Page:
• December 2011

Lisa McLeod's Rule of Thumb: People Should Come With Warning Labels

By Lisa Earle McLeod
Keynote Speaker and Author
McLeod & More, Inc.

Wouldn’t it be great if people announced their dysfunctions and hidden agendas at the start of a relationship so that you didn’t end up discovering them later?

Think about how much time you would save. You’d know right from the get-go whether or not you wanted to hire, date, or vote for someone.

The FDA requires food labeling to alert us to potential hidden dangers packed inside seemingly harmless treats. I think we should do the same thing for people—they should come with warning labels clearly identifying what’s really inside their “box.”

Here’s my warning label wish list:

1. Coworkers would have their ulterior motives printed directly on their employee ID badges.

The ulterior motives could go right under each employee’s name and photo.

Imagine being in a meeting with Mr. “I don’t care how many dead bodies I have to crawl over to get ahead.” If you saw that printed on his badge, you’d know that you need to protect your back.

About to do a joint project with Ms. “Talks a big game to impress the boss, but never keeps her commitments?” Make her put everything in writing before you start.

Working with Mr. “I never make my deadlines, but always blame others?” Copy the boss on the project plan, and make a note when you hit your marks.

And when Mr. “I’m passing time trying to avoid any real work” walks into the room, one glance at his badge is all the justification you need for completely ignoring him.

This could improve office efficiency better than Six Sigma ever did. Once the dysfunctionals at work have been outed, it’s time to tackle Congress.

2. Members of Congress should wear “sponsor” jumpsuits like race car drivers.

The size of each logo represents the amount of money each “sponsor” had donated to the campaign coffers.

Talk about transparency in government! A Congressman making an impassioned plea for less financial regulation won’t be as easily able to claim patriotism as his motive if he is wearing a jumpsuit with a big Citibank logo on his chest.

Imagine a Congresswoman recommending we leave heath care to the free market. Yet when her arm raises in a dramatic gesture as she points toward the heavens, you see a huge insurance company logo covering her sleeve.

Every single voter will know exactly who owns whom. With transparency in government accomplished, it’s time for the final frontier—personal relationships.

3. Potential romantic partners would have their dysfunctions tattooed on their backsides.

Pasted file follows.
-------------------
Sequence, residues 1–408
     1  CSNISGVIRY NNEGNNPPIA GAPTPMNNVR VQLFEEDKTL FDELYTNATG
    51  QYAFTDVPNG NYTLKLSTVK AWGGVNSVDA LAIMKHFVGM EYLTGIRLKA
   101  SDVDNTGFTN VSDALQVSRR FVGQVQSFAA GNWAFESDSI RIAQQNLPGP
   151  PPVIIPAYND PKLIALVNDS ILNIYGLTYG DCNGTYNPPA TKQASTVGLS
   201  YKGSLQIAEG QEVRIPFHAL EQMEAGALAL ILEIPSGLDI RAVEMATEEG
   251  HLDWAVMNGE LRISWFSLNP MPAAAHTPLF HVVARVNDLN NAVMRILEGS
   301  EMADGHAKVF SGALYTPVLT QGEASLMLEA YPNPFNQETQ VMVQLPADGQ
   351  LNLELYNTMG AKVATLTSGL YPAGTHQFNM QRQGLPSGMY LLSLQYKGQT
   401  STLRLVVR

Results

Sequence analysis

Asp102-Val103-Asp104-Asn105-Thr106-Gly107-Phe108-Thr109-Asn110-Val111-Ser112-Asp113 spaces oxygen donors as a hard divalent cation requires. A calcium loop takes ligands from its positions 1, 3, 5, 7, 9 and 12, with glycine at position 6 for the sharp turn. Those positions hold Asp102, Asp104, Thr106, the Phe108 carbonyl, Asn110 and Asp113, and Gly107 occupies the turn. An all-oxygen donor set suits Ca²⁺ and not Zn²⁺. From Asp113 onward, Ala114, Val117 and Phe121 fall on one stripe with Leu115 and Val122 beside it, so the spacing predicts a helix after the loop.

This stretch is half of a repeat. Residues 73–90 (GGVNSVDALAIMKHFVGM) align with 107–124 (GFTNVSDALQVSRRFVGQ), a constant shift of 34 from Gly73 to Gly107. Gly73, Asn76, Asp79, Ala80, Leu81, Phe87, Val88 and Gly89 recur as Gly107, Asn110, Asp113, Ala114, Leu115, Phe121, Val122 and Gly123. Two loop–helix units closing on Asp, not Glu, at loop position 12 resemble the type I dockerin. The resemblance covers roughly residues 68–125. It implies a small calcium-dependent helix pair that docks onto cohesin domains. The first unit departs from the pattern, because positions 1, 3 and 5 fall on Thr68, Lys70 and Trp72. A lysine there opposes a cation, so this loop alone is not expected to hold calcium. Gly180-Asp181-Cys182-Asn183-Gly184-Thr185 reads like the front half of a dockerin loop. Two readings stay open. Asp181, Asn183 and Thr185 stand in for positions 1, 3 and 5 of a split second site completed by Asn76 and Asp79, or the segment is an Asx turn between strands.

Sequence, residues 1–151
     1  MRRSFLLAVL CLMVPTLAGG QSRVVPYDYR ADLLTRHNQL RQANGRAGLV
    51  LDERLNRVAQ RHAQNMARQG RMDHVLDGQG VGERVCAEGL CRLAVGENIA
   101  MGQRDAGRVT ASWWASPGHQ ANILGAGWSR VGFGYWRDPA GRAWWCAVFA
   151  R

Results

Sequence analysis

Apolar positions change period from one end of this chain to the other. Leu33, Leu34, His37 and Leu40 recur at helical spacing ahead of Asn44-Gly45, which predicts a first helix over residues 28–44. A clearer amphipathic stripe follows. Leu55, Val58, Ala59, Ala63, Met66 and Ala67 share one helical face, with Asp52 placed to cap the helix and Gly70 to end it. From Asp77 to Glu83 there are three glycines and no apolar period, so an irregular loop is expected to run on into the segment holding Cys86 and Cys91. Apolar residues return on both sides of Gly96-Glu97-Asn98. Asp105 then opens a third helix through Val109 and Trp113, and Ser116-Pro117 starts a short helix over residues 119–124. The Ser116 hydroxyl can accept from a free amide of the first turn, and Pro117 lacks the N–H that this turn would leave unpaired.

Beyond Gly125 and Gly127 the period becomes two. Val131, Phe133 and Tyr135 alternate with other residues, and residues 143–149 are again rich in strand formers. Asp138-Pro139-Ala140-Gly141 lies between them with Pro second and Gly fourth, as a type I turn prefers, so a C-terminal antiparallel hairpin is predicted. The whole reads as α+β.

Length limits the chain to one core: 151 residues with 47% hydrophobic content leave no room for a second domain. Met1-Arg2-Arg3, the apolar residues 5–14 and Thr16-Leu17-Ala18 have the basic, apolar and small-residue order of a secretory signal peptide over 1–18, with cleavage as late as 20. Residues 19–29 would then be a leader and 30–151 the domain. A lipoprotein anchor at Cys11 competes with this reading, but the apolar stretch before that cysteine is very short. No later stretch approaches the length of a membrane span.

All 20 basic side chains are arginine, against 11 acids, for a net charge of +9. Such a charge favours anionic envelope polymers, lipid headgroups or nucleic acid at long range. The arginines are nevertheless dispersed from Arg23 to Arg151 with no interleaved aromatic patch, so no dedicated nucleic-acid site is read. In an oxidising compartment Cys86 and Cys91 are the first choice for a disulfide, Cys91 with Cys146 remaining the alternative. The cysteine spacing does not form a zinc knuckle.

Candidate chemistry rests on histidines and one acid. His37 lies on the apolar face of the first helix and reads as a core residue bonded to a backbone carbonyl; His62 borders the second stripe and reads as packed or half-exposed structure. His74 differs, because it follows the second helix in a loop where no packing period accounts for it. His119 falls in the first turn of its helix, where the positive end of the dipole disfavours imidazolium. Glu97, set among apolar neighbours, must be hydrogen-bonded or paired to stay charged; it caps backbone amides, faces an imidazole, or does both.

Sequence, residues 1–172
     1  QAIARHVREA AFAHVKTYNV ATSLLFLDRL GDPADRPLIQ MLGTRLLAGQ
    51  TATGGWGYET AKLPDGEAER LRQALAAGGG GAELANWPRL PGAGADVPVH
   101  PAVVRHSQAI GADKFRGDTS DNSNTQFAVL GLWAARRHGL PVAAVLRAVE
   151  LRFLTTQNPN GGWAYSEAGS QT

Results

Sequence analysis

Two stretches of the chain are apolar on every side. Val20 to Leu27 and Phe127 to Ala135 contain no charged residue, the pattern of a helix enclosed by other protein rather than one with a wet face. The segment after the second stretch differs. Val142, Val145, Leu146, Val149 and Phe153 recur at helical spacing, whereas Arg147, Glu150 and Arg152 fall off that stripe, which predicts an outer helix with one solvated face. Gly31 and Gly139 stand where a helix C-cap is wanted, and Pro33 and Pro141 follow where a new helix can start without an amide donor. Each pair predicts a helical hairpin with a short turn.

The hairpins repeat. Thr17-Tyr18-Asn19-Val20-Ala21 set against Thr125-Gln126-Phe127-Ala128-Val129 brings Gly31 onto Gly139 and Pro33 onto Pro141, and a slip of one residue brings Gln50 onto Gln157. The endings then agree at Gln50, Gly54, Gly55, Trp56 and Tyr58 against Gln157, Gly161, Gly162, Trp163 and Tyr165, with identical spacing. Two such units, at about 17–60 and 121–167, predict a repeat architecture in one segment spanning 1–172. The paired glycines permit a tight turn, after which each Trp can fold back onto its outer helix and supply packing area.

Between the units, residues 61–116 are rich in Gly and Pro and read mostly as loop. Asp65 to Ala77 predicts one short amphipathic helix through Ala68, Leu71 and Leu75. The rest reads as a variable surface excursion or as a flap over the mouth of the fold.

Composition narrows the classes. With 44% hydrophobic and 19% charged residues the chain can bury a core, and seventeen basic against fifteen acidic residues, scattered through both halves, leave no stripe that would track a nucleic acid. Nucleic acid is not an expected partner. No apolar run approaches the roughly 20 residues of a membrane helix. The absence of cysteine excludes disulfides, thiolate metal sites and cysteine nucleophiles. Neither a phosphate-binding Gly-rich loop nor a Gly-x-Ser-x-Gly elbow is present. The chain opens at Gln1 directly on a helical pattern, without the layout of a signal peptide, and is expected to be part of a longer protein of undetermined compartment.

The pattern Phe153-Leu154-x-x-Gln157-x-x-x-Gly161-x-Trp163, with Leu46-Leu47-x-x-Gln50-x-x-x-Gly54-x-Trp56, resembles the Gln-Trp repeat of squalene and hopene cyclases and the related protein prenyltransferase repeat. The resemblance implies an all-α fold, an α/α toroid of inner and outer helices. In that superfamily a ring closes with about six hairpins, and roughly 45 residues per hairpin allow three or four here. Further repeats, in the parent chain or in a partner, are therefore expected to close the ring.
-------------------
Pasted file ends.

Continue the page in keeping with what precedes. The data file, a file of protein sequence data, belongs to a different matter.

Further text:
Nobody should have to go to work with “mama’s boy” stamped on his forehead. But if it were discreetly tattooed on his hindquarters, potential partners would know his true nature before they merged checking accounts.

Imagine how much drama you would avoid if someone began to disrobe and you saw “Clingy, crazy person who suffocates people” flashing in front of your face.

Would you envision a future with a woman whose has “My mother was a nag, and I’ll be one, too” written in cursive on her rump?

What if you saw “My first love is golf,” or “I’m a cheater.” The divorce attorneys would suffer, but you’d be saved.

Maya Angelou says, “When people show you who they are, believe them.”

My method makes her advice a lot easier to follow.

About Lisa Earle McLeod

Business strategist Lisa Earle McLeod is an expert in sales force and leadership development. An author, consultant, syndicated columnist, media commentator, and keynote speaker, she is recognized as a thought-leader whose latest book, “The Triangle of Truth,” was named a Washington Post Top 5 Business Book for Leaders.

A bottom-line-oriented business advisor whose firm, McLeod & More, Inc. was featured in Fortune magazine, she is also a problem-solving expert whose conflict-resolution handbook was delivered to every member of the House and Senate. And she’s a leadership contributor for Forbes.com, she blogs regularly for The Huffington Post, and she has written more than 500 articles.

This high-energy keynote speaker who has rocked the house everywhere from Apple to Pfizer to The United Way is a repeat guest on “Good Morning America” and has appeared on hundreds of radio and TV shows.

McLeod’s clients range from pharmaceutical to financial services, including Ann Taylor, Capital G, West Pharmaceutical, Black & McDonald, Kimberly-Clark, CMIT, and numerous franchises and entrepreneur organizations. She is also a personal-development expert whose first book, “Forget Perfect,” was featured in The New York Times, and continues to sell a full decade after the original printing. Her essay collection, “Finding Grace When You Can’t Even Find Clean Underwear,” was featured on Oprah.com.

McLeod and her husband Bob live in Atlanta. They are the parents of two fabulous teenage daughters.